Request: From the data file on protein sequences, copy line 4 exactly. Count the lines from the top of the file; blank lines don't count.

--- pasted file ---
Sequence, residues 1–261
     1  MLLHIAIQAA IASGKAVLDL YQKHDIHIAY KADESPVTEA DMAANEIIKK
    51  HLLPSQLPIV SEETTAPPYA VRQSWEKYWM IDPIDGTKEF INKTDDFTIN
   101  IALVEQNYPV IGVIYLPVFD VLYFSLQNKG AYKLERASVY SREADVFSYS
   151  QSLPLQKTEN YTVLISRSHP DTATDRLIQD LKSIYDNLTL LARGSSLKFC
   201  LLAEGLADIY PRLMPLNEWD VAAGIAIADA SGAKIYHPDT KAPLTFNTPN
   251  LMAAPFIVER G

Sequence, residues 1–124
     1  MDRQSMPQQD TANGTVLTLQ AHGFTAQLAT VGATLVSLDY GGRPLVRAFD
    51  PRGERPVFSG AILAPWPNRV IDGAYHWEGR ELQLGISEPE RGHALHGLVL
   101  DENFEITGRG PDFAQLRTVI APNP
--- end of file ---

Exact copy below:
   101  IALVEQNYPV IGVIYLPVFD VLYFSLQNKG AYKLERASVY SREADVFSYS